We are very pleased to announce that the funding received by us on behalf of gardens at Sprucecourt PS and Rose Ave. PS was well spent this year. Over 800 people were directly served by this grant, in meaningful ways that promote urban agriculture, healthy eating, and learning about our environment.
Rose Ave. PS
At Rose Ave. PS, a new garden bed was built that is now in process of becoming a Hugelkultur bed. A Huge Wha-a-a-t? you ask? Hugelkultur uses wood, massive amounts, in a garden bed. What happens is that the wood fibers break down into cellulose, a porous mass that holds enormous amounts of water, and releases it to plant roots as they need it, watering from below. Water conservation methods like this are going to be more and more important as climate change causes unpredictability in supply of rainwater and even municipal water systems. In the first photo below, a Grade 6 team is filling the bed with topsoil, following a layer of fresh manure on top of the logs. In the next photo you can see the logs, and the lovely decorating done with kindergarteners, with the help of the Branksome Hall Service Learning team.
At Sprucecourt PS, a whole Grade 7 class is engaged with the school composting project, learning all about the science and art of well-planned rot. They’ve even taken responsibility for training the younger students! And thanks to teachers David Cunningham and Liz Bristoll, students are blogging about their experiences in the garden and weaving literacy and numeracy projects into their food focus. Students also mapped and drew the garden, to support all of the classes to use the garden with a map and calendar of activities.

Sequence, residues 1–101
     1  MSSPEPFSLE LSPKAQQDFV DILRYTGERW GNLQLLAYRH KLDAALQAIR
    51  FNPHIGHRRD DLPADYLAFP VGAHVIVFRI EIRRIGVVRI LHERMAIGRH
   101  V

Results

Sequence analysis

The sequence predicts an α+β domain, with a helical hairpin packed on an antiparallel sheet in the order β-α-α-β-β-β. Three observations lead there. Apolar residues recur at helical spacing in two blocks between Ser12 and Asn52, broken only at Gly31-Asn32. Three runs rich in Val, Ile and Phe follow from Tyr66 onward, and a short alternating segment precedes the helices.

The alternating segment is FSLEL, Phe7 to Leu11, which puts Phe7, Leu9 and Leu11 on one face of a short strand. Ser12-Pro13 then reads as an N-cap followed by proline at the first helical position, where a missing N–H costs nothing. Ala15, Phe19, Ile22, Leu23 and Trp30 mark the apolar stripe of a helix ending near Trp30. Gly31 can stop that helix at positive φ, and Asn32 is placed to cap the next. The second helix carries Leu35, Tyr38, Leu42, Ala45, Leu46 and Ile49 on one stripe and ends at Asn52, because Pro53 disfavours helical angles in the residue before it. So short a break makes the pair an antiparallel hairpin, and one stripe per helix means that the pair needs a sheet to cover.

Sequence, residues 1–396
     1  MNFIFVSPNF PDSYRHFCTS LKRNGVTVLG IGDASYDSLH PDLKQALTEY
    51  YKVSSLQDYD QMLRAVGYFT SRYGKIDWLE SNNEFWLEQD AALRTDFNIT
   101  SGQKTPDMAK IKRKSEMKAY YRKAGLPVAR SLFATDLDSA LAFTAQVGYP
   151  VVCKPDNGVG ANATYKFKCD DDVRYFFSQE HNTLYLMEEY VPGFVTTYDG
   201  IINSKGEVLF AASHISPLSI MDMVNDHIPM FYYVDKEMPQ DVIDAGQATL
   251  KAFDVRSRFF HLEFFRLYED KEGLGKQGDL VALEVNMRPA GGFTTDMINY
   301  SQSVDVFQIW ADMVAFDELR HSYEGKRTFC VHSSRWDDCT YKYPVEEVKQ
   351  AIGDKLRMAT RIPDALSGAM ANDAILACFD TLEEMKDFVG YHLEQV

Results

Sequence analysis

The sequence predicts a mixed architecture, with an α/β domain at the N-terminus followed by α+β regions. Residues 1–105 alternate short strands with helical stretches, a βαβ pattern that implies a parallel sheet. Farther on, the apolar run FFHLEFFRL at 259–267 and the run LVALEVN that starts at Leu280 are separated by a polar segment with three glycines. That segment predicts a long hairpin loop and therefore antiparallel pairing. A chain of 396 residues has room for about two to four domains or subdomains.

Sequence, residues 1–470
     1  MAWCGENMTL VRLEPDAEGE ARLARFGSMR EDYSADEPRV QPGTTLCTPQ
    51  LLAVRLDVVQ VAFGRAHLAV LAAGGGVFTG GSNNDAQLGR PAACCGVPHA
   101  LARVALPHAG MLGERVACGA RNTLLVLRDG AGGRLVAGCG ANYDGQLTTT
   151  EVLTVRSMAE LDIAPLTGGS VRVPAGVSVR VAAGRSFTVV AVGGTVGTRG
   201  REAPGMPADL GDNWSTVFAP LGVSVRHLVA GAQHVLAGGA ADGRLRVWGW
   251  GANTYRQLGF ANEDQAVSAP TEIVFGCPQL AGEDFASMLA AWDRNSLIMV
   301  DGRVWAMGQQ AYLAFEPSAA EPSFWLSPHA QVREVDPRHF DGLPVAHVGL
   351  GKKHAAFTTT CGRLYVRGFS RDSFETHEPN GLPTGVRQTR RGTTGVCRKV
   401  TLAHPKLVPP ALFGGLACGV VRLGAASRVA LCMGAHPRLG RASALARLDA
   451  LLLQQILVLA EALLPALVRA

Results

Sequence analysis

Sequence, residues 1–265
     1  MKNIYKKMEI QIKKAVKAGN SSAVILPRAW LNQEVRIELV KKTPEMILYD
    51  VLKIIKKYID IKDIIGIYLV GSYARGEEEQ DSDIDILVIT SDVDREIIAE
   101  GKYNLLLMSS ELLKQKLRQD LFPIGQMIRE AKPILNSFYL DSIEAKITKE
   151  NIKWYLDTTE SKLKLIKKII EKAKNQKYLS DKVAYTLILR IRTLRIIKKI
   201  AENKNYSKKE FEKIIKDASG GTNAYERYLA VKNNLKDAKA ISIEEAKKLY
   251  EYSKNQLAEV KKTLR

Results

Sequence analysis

Throughout the summer, Green Thumbs held weekly drop-ins at both schools that nourished whole families with garden produce and recipe-sharing, and ran day camp programs in the gardens. Over four hundred people joined in the summer garden drop ins and daytime programs in the two schools. In September and October, 400 students between Kindergarten and Grade 7 visited their school gardens at Rose Ave. PS and Sprucecourt PS, and carried out harvesting, fall planting, composting and building activities. The garden programs were supervised by Green Thumbs Growing Kids’ Garden Educator Extraordinaire Kryslyn Mohan, with the able support of many volunteers. Ten secondary school youth came for a four-day service learning project and worked with teachers and students in the gardens, supervised by Green Thumbs.
Thanks to Whole Kids Foundation for this enabling grant!